At issue are 218 adversary proceedings filed between 2010 and 2012 by Heritage Pacific Financial, LLC, a debt buyer, alleging that promissory notes were nondischargable.Heritage, which filed for bankruptcy, claimed that the borrowers participated with intent to deceive a creditor due to their inflated incomes on applications.
As a judge in one case pointed out:
This . . . loan was made in 2006, when home lending practices in California and the nation as a whole were sloppy at best. The court has a substantial question whether any underwriting due diligence was performed by lenders . . . . Given the industry practices at the time, the court is unwilling to presume that anyone even looked at the financial statements and other documents submitted in support of loan applications. In other words, this court will not presume justifiable reliance by the originating creditor, even if the representations in the financial statement were materially false. Evidence of reliance by the original lender is required.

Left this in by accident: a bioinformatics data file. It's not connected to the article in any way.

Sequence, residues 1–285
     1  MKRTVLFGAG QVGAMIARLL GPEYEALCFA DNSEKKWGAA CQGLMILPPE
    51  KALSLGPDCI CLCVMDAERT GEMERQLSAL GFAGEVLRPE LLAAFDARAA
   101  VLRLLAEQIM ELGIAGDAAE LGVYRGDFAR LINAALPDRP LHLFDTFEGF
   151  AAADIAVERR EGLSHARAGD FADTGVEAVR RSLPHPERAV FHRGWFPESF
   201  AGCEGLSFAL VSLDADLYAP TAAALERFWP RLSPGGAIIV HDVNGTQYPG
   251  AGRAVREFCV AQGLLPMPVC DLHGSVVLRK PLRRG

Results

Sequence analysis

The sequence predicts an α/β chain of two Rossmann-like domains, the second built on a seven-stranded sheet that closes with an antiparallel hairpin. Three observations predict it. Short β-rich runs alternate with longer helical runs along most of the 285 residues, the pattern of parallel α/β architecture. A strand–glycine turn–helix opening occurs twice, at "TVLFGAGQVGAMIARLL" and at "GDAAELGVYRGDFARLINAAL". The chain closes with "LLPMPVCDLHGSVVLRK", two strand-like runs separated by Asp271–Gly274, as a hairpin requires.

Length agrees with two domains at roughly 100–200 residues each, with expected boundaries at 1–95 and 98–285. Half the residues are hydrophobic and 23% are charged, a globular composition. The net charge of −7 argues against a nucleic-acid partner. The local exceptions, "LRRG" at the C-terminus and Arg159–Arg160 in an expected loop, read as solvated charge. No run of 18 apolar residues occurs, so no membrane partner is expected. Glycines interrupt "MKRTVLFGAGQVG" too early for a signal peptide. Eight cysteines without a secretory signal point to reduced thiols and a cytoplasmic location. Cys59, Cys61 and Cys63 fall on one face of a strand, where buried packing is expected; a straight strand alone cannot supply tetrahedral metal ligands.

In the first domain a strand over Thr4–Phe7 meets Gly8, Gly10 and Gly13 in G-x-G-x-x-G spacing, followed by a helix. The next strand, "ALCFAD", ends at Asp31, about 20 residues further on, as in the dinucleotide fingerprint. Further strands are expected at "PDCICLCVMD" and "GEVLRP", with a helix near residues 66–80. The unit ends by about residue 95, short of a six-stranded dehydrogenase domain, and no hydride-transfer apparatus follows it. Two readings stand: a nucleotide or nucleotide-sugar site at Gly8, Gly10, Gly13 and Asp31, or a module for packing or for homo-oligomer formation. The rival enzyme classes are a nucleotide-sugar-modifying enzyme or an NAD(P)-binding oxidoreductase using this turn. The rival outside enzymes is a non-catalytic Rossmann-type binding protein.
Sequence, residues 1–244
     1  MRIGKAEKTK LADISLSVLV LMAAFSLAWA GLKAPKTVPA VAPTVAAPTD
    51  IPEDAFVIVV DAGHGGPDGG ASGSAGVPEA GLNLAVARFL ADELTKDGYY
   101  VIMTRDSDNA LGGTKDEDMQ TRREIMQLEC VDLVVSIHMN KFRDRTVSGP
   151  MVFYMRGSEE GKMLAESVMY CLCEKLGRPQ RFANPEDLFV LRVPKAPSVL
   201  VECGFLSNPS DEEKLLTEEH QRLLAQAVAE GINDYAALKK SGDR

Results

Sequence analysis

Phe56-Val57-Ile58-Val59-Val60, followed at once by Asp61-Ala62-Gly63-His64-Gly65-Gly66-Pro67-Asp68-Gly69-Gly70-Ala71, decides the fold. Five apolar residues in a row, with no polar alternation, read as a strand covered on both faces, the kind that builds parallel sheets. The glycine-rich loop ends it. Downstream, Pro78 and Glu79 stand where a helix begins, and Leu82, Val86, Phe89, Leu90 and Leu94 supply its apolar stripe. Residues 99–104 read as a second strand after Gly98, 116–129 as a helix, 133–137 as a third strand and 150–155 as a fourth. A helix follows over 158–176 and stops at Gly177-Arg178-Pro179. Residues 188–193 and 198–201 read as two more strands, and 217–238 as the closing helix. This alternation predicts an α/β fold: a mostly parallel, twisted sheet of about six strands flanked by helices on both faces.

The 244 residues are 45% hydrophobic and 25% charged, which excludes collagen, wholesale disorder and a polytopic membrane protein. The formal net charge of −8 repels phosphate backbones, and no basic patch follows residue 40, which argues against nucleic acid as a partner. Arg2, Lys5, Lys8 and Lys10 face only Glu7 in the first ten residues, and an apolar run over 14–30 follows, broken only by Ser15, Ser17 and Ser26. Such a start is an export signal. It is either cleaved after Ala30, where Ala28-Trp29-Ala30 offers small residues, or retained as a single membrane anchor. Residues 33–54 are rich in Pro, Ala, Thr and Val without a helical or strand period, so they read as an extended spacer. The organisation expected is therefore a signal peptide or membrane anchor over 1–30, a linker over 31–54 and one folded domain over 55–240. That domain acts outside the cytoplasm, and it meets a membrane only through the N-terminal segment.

Still, out of the 218 proceedings filed by Heritage, funds were recovered by the company in 116 cases, totaling over $2,140,000. Adversely, 38 cases were dismissed outright, either by Heritage itself or for other reasons.
This disparity in justice is alarming since these bankruptcy judges clearly ruled very differently in very similar cases. To read the full report, follow this link: http://papers.ssrn.com/sol3/papers.cfm?abstract_id=2722054&download=yes